Morbid Angel - Kingdoms Disdained
Silver Lining Music
Death Metal
11 songs (47' 43")
Release year: 2017
Morbid Angel
Reviewed by Andy
Major event

Can Morbid Angel come back from the crash-and-burn that was Illud Divinum Insanus? Since that and the departure of David Vincent in 2015, there hasn't been any new material forthcoming, and I was beginning to think Trey Azagthoth and company might be thinking of putting things on hiatus. He was just getting reorganized, though. Not everyone will think their first new material since the "I" album, Kingdoms Disdained, hits the mark, but it's a reasonable try even if it doesn't.

Some listeners may find it easy to to be skeptical about this new album, which doesn't help first impressions with its picture of a 3D-modelled devil trashing Tokyo or some other burning metropolis on the front (quick, check the logs -- are we absolutely sure they didn't copy one of MR's graphics for the cover art?) The first few riffs on Piles of Little Arms, however, go a long way towards reassuring the listener that the Morbid Angel of 2017 has at least purged the electronic/industrial style from its repertoire. Steve Tucker's murky growls are immediately recognizable from the Formulas Fatal to the Flesh days, and the aggressive crunching of Architect and Iconoclast sounds like the Morbid Angel of old -- or at least pre-Heretic. So does The Pillars Crumbling, which ends with an oily, chaotic solo that warms the heart of the die-hard fan. Trey's riffs bubble slimily up around the drums, which do get a lot of the mix, but which I don't find overwhelming. The whole impression one gets is of the band hitting "undo" on the I album and trying to pick up where they were before it, which isn't the worst thing they could have done.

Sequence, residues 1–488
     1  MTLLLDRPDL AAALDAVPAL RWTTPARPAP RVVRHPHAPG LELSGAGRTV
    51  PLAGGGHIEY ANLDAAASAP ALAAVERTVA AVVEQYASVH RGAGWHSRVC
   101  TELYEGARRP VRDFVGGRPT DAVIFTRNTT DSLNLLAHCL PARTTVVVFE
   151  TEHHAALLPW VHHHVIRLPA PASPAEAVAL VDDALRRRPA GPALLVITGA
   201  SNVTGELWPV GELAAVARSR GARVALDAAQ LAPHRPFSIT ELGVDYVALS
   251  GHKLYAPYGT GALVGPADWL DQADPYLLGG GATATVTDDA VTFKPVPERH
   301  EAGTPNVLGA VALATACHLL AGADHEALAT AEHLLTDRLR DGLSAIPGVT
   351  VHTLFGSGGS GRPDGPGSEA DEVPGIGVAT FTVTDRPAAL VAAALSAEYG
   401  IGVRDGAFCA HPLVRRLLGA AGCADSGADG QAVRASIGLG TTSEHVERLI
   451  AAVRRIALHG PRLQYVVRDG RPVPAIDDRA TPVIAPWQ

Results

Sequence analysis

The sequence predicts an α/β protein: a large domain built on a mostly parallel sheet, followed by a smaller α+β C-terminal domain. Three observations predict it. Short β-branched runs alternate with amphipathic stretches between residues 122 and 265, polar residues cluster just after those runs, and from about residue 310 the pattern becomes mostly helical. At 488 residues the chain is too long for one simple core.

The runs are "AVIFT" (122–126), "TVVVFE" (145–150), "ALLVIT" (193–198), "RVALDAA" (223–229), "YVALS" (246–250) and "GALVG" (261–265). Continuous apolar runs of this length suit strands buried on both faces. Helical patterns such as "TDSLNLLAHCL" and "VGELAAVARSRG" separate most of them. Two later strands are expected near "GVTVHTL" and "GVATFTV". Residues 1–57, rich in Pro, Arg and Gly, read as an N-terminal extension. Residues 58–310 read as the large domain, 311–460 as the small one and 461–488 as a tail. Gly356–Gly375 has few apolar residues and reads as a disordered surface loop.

But like many "recovery" albums done by well-regarded bands who took a risk, Kingdoms Disdained is overwhelmingly a retreat to safe territory; think of Megadeth's production of the paint-by-numbers The World Needs a Hero after weathering fans' unhappiness on Risk. It's not awful, it checks a lot of the right boxes, and maybe they're not going to alienate anyone with forays into electronica any more. But it seems like they've decided that they're also not going to try anything else new for a while, either, and the album gets diminished accordingly. The riffs are mostly good to listen to, Tucker's vocals sound like he hasn't aged a day, and Trey continues to be a hell of a guitarist, but the mean razor edge of the band still seems a bit blunted on this one. That may be the production more than anything else, as it somehow doesn't feel quite as sharp as preceding albums, most noticeably on D.E.A.D.

Those willing to ignore that and just be glad that they get a Morbid Angel album that at least sticks to some strengths will like this one. Those who refuse to forgive the band for the "I" album or who compare Kingdoms Disdained to the best albums of their career may just walk away again in disgust. After listening to it a few times, I have to say that I lean more towards the former camp, especially after hearing the last couple of songs on the album. Listen to the furious riffing right before Trey embarks on a sickness-inducing solo far up on the neck, familiar but still enjoyable, and it'll be hard to conclude, unequivocally, that their best days are completely over.

Killing Songs :
Architect and Iconoclast, The Pillars Crumbling, From the Hand of Kings
Andy quoted 76 / 100
Other albums by Morbid Angel that we have reviewed:
Morbid Angel - Illud Divinum Insanus reviewed by Jake and quoted 86 / 100
Morbid Angel - Entangled In Chaos reviewed by Goat and quoted no quote
Morbid Angel - Formulas Fatal to the Flesh reviewed by Tony and quoted 84 / 100
Morbid Angel - Domination reviewed by Tony and quoted 81 / 100
Morbid Angel - Covenant reviewed by Goat and quoted 95 / 100
To see all 10 reviews click here
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